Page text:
2016 marked my first year of semi-retirement after a 40-year newspaper career. While I'd had enough of ever-increasing stress from the job and commute, I wanted to keep writing, and started submitting articles to Seeking Alpha in January, aiming for one a week.
Going back through those 51 published articles, I found those in which I backed a stock. This was easier said than done, because I hedged a lot of picks. (Note to self: Standardize recommendations).
Here are the results for the eight stocks I supported, most of which I own:
|Security||Date of article||Price||Current price|| |
|Total value||Pct. Change||Growth of $10,000|
A $10,000 investment in each stock (total $80,000) would be valued at $94,580, including dividends, for an average return of 18.2% (thanks Williams and Akamai!). However, since I did not make recommendations in a standardized way, the results do not stand up as a valid methodology. My first goal for 2017 is to correct that problem.
Here are a few New Year's recommendations. They are intended for older, more conservative investors who want dividends as well as growth.
My overall asset allocation target has changed since my retirement from moderately aggressive to moderate. Currently, my target is 50 percent stock, 40 percent fixed-income, and 10 percent cash. This has its strengths - it provides income and will outperform the market averages in bear markets - and weaknesses, tending to underperform in bull markets and somewhat susceptible to rising interest rates.
I'm expecting 2017 will be a fairly tough year for investors, with stretched valuations on the equity side limiting gains and rising rates providing low returns on the fixed-income side.
Despite the recent post-election optimism we see in the markets, recent economic data have not been strong. In addition, it will be tough for president-elect Trump to get his planned infrastructure spending through the fiscal hawks in Congress.
Since the economy won't be that strong, I expect the Fed will only raise rates 0.5-0.75 percentage points (two or three raises) versus the current framework that calls for four raises.
The recommendations include four common stocks in various sectors - energy, technology, consumer staples and healthcare - and a financial ETF.
They also include two preferred stocks, both yielding better than 6 percent. The idea here isn't price appreciation, but income, with the higher-yielding issues providing some buffer against loss of market value due to rising rates.
The idea is to be covered under a variety of financial scenarios. For example, if rates rise more than expected, the preferreds may suffer, but the financial ETF should make up for it.
All of these investments pay dividends, and I have them all in my personal portfolio.
Apple, Inc. (NASDAQ:AAPL) - Apple is still cheap at 12.9 times expected 2017 earnings. There's both political risk (a China trade war) and opportunity (corporate tax reform allowing repatriation of its cash hoard). A catalyst is the iPhone refresh cycle, as the many iPhone 6 models sold during the 2014-15 peak are replaced.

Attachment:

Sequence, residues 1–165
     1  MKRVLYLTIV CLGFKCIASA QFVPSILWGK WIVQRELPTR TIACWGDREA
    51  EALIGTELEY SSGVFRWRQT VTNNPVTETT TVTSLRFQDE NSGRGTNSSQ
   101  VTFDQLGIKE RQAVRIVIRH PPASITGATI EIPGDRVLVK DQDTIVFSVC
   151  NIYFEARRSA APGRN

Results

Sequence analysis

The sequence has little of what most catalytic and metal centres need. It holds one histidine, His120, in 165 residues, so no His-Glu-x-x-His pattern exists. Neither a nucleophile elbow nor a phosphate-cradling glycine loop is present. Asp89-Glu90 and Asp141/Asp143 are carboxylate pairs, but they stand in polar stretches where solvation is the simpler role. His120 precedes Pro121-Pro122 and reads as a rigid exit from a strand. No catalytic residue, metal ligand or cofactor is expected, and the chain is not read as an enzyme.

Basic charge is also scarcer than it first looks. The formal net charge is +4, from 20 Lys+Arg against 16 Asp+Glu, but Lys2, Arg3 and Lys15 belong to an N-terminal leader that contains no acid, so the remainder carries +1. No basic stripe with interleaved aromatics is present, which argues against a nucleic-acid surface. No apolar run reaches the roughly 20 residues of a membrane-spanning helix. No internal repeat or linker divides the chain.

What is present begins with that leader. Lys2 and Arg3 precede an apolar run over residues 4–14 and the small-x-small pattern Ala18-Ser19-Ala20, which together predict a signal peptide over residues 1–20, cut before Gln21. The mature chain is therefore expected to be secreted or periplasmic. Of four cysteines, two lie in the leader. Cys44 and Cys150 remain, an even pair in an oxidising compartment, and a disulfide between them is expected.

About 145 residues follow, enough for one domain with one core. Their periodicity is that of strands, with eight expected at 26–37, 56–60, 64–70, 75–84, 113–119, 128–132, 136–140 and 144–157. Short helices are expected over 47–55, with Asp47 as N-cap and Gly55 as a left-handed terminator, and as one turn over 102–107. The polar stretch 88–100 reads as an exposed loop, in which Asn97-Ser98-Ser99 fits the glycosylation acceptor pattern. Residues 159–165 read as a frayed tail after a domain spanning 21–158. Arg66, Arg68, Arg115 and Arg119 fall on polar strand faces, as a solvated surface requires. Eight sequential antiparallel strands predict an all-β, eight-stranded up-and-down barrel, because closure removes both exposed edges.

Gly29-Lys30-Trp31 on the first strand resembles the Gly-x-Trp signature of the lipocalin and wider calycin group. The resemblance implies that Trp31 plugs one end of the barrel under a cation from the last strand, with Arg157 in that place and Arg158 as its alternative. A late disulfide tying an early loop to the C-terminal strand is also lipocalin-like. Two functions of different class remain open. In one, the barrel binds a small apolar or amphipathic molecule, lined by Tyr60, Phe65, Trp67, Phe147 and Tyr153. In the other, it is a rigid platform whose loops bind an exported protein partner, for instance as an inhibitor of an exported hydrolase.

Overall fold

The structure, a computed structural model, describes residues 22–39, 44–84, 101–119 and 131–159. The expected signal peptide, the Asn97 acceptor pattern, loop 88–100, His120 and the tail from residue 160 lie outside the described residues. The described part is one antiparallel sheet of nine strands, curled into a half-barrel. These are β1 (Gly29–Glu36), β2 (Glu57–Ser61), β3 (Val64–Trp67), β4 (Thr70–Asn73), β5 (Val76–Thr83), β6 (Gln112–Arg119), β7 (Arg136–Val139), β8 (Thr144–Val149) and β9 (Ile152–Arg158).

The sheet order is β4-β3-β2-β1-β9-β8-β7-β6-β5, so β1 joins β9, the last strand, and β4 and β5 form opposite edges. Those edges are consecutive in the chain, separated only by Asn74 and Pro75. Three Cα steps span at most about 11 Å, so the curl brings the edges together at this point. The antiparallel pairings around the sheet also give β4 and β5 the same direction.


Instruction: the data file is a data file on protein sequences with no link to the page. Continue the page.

Capstead Mortgage preferred series E (CMO-E) - There aren't too many decent-quality preferreds paying 7.7% and selling under par, so call risk is minimal. CMO common has been strong, which says the market doesn't see much risk to the mortgage REIT's dividend, let alone that of its preferred.
PepsiCo (NYSE:PEP) - A great consumer products company that has so many beverage and snack brands it is surmounting the decline of carbonated beverages. The Frito-Lay North American unit now provides more than half of the company's profit and continues to grow.
Teva Pharmaceutical Industries Ltd. (NYSE:TEVA) - I usually pick up one beaten-down stock when tax-loss selling ends in December, and this is the one for 2016. The leading maker of generic drugs just settled with the government over foreign corrupt practices, and while there's still political risk, it's cheap at 6.8 times estimated 2017 earnings. A catalyst could be possible approval of a generic version of the expensive allergy auto-injection device EpiPen in late 2017 or early 2018.
Wells Fargo preferred series L (WFC-L) - An investment-grade bank preferred yielding 6.4% with essentially no call risk. Sure, there's interest rate risk, but if you're a long-term holder, the dividends will still show up in your account every quarter.
Williams Companies - The pipeline operator's strategy of constantly reinvesting funds in its limited partnership WPZ and collecting distributions and incentive distribution rights - as Satyr put it in a comment on my recent article about it - is like pouring the whiskey from one bottle to the other. A catalyst could be a new administration helping unplug bottlenecks on two pipeline expansion projects.
Financial Select Sector SPDR ETF (XLF) - The financial sector has been on fire. That will probably slow down, but rising rates and the possibility of less regulation still provide a tailwind for banks.
As the year goes on, I may add or remove stocks from the list and will report those changes.
In addition to dividend-paying securities like these, younger investors and anyone who can handle scary declines could also consider non-dividend-paying growth stocks like Akamai.
Disclosure: I am/we are long AES-C, CMO-E, WFC-L, AKAM, PEP, TEVA, WMB, AAPL, F.
I wrote this article myself, and it expresses my own opinions. I am not receiving compensation for it (other than from Seeking Alpha). I have no business relationship with any company whose stock is mentioned in this article.